Jerusalem, known in Arabic as al-Quds or Bayt al-Maqdis, is a sacred site for all three Abrahamic faiths: Judaism, Christianity, and Islam. Because these three religions are all Abrahamic, they all emphasize monotheism and hold many of the same Prophets in high regard. The reverence for Jerusalem that each of these religions possesses originates from their shared history. While the shared history of Christianity and Judaism is generally known, many people are unaware that Islam also has an Abrahamic history.
The city of Jerusalem, as well as Palestine as a whole, is the home of many Prophets. The Qur'n refers to it as a land with blessed surroundings in various places (Qur'n 17:1). David and Solomon were in Jerusalem when Jesus was born in Bethlehem. Lot, John the Baptist, and Zacharia were also residents of Palestine. Several of the Companions of the Prophet Muhammad, peace be upon him, resided in Jerusalem after he died and were buried there.
As a result of its historical and theological significance, Jerusalem is cherished. Because Jews and Christians do not acknowledge Ishmael and Mohammad as God's Prophets and Messengers, Makkah and Madinah are not considered hallowed cities. Muslims, on the other hand, believe in the Prophets Moses, David, Solomon, and Jesus, and hence must acknowledge the sacredness and significance of Jerusalem in Islam.
During the first fourteen years of the Prophet Muhammad's message, Muslims faced Jerusalem for the first time during prayer. Jerusalem is particularly significant because the Prophet Muhammad, peace be upon him, visited it during his al-Isr' wal mirj (night voyage and ascent to the skies).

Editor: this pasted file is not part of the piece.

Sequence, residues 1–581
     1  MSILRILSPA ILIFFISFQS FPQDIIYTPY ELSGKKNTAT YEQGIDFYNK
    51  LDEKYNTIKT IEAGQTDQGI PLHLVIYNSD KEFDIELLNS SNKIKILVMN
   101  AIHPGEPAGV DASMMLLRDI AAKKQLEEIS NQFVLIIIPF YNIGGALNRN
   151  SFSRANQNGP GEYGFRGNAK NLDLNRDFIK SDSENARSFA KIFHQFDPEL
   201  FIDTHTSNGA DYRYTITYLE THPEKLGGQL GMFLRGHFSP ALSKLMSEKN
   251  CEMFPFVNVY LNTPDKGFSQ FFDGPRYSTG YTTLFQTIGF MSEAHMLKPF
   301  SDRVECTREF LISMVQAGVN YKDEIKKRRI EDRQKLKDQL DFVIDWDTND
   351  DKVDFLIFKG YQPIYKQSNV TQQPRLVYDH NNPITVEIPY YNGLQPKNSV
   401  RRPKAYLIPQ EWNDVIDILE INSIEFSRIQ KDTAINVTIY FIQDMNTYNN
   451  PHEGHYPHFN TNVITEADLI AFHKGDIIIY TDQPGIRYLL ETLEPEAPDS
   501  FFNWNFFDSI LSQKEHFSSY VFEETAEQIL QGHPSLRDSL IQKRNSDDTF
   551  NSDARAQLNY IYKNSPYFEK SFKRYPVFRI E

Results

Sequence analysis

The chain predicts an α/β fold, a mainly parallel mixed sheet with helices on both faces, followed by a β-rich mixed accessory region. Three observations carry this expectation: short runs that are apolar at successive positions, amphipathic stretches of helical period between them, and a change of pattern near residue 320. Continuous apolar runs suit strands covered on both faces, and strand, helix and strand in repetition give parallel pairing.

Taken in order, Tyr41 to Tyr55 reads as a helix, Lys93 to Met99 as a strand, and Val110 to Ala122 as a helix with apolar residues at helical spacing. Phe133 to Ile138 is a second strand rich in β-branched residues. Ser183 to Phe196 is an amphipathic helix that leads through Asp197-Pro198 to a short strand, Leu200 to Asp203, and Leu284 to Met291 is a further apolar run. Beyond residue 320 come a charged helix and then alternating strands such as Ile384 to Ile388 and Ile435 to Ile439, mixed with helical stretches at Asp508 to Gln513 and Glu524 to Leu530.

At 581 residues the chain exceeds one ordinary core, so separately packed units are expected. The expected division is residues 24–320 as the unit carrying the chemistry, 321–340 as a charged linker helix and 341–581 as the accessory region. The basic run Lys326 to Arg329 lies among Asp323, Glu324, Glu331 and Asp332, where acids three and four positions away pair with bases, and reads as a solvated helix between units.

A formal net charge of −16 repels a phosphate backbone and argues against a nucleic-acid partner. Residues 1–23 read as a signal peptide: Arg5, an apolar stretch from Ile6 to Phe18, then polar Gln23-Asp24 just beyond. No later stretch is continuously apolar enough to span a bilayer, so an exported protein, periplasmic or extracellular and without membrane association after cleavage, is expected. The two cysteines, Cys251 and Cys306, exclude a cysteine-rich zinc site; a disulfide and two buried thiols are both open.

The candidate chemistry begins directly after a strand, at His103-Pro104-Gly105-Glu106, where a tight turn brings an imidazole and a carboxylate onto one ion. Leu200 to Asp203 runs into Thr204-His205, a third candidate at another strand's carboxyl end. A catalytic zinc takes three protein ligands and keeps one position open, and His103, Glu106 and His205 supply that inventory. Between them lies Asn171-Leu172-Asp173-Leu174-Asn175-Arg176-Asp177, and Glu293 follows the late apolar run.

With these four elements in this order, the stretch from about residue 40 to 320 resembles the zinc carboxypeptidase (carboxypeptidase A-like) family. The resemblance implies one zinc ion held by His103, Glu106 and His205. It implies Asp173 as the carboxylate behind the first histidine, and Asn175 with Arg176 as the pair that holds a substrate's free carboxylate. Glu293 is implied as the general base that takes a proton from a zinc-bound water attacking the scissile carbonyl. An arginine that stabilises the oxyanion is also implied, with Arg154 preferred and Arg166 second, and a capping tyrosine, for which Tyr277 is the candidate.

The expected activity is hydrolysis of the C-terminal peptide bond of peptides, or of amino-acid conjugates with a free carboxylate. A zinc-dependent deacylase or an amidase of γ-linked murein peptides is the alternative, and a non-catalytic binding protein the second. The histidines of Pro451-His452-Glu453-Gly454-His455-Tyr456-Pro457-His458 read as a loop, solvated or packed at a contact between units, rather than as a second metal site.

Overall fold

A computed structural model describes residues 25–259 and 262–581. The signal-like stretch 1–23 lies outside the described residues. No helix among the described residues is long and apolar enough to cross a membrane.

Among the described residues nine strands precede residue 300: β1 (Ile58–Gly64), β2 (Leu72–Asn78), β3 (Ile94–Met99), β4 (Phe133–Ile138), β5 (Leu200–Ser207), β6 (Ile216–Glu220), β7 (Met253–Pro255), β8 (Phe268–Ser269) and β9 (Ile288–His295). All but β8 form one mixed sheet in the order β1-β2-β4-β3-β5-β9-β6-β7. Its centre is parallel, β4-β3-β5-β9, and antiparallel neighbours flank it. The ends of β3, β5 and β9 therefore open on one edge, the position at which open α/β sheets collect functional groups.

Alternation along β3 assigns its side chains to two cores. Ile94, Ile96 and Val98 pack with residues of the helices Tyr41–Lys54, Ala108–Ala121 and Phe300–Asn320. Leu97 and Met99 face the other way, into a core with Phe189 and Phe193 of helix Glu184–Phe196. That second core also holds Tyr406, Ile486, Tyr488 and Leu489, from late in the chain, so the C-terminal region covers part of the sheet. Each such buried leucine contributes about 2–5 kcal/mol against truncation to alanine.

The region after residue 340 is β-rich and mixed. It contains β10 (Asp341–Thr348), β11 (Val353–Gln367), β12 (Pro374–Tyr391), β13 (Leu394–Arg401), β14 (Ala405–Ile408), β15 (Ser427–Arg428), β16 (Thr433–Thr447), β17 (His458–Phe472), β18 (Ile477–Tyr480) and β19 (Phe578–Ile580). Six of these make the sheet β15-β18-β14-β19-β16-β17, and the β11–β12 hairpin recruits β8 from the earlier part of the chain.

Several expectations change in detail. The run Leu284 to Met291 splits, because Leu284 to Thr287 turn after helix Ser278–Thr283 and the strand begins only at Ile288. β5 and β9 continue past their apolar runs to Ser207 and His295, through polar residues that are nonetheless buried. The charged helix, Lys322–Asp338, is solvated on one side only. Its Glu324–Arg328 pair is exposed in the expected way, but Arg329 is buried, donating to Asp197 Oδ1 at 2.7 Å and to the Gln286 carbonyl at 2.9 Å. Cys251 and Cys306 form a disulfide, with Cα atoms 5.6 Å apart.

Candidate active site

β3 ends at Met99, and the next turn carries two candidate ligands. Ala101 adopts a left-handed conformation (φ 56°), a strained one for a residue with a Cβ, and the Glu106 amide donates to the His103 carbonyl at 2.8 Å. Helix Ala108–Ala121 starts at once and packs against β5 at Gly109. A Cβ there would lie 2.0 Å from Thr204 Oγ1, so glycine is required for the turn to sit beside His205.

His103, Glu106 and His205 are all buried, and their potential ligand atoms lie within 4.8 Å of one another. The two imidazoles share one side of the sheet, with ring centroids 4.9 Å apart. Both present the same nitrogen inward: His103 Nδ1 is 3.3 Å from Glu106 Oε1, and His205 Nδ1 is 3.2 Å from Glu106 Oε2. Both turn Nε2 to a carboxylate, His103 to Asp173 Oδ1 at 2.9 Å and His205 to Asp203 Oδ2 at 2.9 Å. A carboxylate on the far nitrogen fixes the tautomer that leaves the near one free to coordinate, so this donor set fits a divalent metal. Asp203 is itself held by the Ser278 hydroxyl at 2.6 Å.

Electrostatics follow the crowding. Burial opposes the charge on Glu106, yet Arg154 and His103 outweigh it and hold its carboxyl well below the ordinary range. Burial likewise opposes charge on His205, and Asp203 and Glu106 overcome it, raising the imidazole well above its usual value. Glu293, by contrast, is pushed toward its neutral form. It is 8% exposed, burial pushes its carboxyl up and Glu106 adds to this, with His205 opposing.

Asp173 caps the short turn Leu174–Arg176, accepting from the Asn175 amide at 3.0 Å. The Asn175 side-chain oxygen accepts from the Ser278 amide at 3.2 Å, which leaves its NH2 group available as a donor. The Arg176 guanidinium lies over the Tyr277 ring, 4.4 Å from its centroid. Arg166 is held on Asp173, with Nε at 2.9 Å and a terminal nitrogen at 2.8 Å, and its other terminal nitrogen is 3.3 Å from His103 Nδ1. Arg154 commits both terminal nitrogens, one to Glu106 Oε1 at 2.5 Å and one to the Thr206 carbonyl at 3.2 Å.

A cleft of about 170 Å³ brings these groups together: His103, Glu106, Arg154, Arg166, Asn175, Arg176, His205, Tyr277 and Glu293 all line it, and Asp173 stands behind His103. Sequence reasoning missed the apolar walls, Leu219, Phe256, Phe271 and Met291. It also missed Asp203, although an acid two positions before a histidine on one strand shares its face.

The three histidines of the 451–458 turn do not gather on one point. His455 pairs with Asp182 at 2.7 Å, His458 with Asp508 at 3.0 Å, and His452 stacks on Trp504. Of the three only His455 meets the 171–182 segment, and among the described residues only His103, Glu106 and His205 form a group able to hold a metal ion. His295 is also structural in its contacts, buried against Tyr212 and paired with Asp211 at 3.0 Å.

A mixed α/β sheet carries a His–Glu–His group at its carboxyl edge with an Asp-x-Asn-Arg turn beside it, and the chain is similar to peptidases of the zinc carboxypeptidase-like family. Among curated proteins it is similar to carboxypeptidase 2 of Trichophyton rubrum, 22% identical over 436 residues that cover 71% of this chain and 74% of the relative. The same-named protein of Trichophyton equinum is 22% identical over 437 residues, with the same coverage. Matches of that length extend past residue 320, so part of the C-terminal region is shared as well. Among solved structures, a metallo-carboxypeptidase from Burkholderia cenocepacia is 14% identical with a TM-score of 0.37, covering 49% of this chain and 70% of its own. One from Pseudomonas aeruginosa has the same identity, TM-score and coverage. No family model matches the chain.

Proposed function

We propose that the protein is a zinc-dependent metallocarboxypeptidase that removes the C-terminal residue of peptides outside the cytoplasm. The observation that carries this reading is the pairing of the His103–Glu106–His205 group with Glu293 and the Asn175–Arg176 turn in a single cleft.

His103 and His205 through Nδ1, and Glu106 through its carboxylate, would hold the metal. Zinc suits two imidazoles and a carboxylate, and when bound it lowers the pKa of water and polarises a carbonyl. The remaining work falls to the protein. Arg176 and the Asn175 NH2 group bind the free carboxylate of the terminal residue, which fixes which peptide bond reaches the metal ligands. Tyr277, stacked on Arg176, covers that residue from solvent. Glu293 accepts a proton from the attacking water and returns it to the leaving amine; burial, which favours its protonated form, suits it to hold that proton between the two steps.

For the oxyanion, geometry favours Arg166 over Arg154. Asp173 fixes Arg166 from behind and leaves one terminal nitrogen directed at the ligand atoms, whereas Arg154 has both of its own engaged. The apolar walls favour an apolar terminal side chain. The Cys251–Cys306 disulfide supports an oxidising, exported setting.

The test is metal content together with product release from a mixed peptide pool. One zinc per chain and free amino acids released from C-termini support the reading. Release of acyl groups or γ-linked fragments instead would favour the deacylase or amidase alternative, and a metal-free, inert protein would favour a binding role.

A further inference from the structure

In one night, the angel Gabriel flew the Prophet Muhammad, peace be upon him, from Mecca to Jerusalem, and then to the sky. During this remarkable journey, the Prophet Muhammad encountered a number of other prophets, including Abraham, Jesus, and Moses, all of whom were blessed with peace. This incident is commemorated in the Qur'n with a whole chapter called the Ascension (al-Isr'). Glory to Him who guided His Servant by night from al-Masjid al-Haram [in Mecca] to al-Masjid al-Aqsa [in Jerusalem], whose environs We blessed, to show him Our signs. Indeed, He is the One Who Hears and Sees (Qur'n 17:1).
From the Dome of the Rock mosque in Jerusalem, the Prophet Muhammad, peace be upon him, ascended to the sky. He was given the mandate to pray five times a day during this visit to the heavens, which is the second pillar of Islam.
A prayer in Makkah (Ka'bah) is worth 1,000 times (reward), a prayer in my Masjid (Madinah) is worth 1,000 times, and a prayer in the Al-Aqsa Sanctuary is worth 500 times more reward than anywhere else, according to the Prophet Muhammad, peace be upon him (Bayhaqi). Because only these three locations are holy, the Prophet Muhammad, peace be upon him, discouraged people from visiting any other sites in the mistaken belief that they are also holy.
“Do not travel to see any Mosque except three: this Mosque [in Medina], the Mosque of al-Haram [in Mecca], and the Mosque of Aqsa,” he urged (Muslim).
The mission of the Prophet Muhammad was to carry on the work of the previous Prophets. Jerusalem will also play a significant part in Islamic tradition at the end of the world. These are some of the reasons why Muslims regard Jerusalem with tremendous affection, spiritual affinity, and devotion. There are three crucial aspects to remember concerning Islam and Jerusalem, according to Dr. Muzammil Siddiqui:
1. Muslims have ruled Jerusalem for the longest period of time, from the time of Prophet David to the present day.
2. Muslims upheld the city's sacredness in the fullest sense of the word.
3. The most tolerant multi-religious and multi-faith character of Jerusalem was established and practiced by Muslims.
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